Santa Monica and San Francisco both became epicenters of the fight over electric scooter share programs operating on public space over the past year.

After both cities eventually banned the alternative electric transportation options due to the companies operating without the cities’ blessings, they opened an application processes for permits allowing companies to operate scooter share programs. Now both cities have announced the winners of those permits, and the results are shocking riders and operators alike.

Santa Monica is the home base of Bird, the largest electric scooter share company that rocketed to a valuation of over $1 billion in under a year.

After completing an initial review of companies applying for operating permits in the city, Santa Monica’s planning department staff recommended that only Uber and Lyft’s electric scooter share operations be given permits to operate in the city.

The decision to snub Bird as well as other large scooter share companies such as Lime and Spin was based largely on a review of the past performance of the companies and their ability to adhere to local laws and regulations.

Bird, Lime and Spin famously rolled out operations with a flagrant disregard for local regulations, forcing cities across the country to play catch-up in an effort to police the thousands of electric scooters that were descending on their streets and sidewalks. Bird often declared that it had “worked with cities” before rollout, with the cities usually denying the claims and insisting that the company began operations without coordination.

After the original recommendation not to provide permits to Bird and Lime, the two companies, mostly led by Bird, undertook a massive influence campaign in an attempt to change the city’s mind.

Although not clear how, it appears that the two largest scooter share companies were successful in their efforts, as Santa Monica just added Lime and Bird to the ranks of Uber and Lyft in granting permits to operate in the city.

Photo credit: Bird

While Bird and Lime were somehow able to manipulate the system in Bird’s hometown, they didn’t fair as well further north where the San Francisco Municipal Transportation Authority (SFMTA) just announced that only two companies would receive permits to operate in the city: Scoot and Skip.

With the larger companies of Bird, Lime, Uber and Lyft expected to be favorites among a field of 12 for the “up to five” permits that San Francisco was considering offering, the city ultimately granted permits to just the two smaller companies.

Neither company is guilty of the brash rollout strategies applied by the larger scooter companies, with Skip famously touting itself as the “only scooter company without a cease and desist order”.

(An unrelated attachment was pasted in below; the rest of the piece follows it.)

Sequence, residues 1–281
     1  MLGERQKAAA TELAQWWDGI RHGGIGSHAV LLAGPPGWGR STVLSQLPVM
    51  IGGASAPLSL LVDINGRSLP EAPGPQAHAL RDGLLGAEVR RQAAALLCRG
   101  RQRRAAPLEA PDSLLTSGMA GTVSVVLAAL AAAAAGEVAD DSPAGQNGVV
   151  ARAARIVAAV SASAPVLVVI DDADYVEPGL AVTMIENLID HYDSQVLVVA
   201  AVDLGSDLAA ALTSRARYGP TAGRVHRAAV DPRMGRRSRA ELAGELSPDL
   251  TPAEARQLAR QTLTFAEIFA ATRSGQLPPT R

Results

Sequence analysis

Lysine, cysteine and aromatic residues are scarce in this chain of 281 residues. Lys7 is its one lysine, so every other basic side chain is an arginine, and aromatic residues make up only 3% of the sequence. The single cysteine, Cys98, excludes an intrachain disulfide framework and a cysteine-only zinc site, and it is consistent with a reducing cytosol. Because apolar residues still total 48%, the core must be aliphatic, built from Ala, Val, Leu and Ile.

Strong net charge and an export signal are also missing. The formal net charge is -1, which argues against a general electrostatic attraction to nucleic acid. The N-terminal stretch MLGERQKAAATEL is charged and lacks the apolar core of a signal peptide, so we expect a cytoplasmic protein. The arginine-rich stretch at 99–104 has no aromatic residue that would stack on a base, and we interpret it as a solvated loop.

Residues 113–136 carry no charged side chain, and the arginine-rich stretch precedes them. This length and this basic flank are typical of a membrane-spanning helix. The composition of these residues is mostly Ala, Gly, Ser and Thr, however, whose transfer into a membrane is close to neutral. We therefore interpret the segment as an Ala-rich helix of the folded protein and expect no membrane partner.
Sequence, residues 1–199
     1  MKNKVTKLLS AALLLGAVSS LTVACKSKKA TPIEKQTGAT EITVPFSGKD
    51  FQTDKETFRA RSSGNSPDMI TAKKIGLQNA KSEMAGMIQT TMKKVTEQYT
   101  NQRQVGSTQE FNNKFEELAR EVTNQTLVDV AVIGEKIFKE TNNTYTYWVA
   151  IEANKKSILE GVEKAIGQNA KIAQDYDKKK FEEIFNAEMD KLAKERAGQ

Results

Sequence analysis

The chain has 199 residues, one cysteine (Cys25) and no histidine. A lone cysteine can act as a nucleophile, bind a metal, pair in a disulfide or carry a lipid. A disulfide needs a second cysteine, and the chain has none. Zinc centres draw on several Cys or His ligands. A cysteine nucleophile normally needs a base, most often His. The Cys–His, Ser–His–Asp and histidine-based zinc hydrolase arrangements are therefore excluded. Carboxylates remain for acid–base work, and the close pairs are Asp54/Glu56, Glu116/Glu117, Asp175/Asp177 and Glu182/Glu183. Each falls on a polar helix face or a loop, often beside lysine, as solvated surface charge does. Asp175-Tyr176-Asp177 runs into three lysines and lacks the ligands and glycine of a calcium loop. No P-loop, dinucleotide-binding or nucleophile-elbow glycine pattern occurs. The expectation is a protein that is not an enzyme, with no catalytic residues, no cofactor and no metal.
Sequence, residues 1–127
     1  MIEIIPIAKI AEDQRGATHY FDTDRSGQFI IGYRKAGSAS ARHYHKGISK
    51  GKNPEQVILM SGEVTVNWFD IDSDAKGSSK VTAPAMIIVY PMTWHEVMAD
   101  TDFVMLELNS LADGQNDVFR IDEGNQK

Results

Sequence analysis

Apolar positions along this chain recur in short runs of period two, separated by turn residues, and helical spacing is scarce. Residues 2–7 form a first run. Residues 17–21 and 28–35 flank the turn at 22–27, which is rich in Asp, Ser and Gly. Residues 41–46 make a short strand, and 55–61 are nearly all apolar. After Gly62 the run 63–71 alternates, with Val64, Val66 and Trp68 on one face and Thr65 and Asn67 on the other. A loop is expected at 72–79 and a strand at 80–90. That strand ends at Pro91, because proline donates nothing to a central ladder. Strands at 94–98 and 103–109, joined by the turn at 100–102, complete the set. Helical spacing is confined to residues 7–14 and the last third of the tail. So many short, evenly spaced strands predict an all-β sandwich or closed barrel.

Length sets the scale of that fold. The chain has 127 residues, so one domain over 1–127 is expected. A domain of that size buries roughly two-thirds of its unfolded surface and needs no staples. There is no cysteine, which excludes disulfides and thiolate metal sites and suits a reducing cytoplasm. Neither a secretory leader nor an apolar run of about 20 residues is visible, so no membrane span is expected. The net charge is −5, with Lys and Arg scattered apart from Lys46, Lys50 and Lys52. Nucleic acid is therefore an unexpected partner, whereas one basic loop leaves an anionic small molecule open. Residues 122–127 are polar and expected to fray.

Scoot also has a long history of operating full-size sit-down electric scooters and mopeds in San Francisco, and has demonstrated its ability to work with the city to solve transportation issues.

Both Skip and Scoot were offered permits to operate 625 scooters in the city over the next year, with the possibility for the number of scooters to double upon approval by the city.

The move is similar to Long Beach, which recently rolled out its own permit program and forced the dockless electric scooters into designated parking zones around the city, solving the issue of abandoned scooters strewn about the city’s sidewalks.

Electrek’s Take

San Francisco’s decision is interesting, considering they have been serving as something of a city upon a hill for the electric scooter industry. While studies show that the majority of Americans love electric scooter share programs, many others emphatically oppose their rampant spread across cities. That clash has been larger in San Francisco than perhaps anywhere else in the country.

San Francisco was one of the first to respond by banning the electric scooters while simultaneously developing a pilot program to reintroduce them within a framework of rules that served to help companies provide the beneficial service while still avoiding the problems and pitfalls to which many residents objected.

Ultimately, it appears the early scooter companies were penalized for choosing the “ask for forgiveness, not permission” strategy famously employed earlier this decade by ride-hailing services like Uber and Lyft.

In what seems like an odd twist of fate, Santa Monica appeared to originally agree with San Francisco by snubbing the most problematic scooter companies, but was somehow convinced in the eleventh hour to change its mind and welcome Bird and Lime back into the fold. I’d be very curious to hear how that happened and if everything was on the up and up.

Moving forward, I believe more cities will be following in San Francisco’s footsteps, welcoming the beneficial scooter share programs that can be a boon to a city’s transportation issues, while more strongly enforcing local regulations and ensuring that the companies prioritize safety and rule-following over pure profits.

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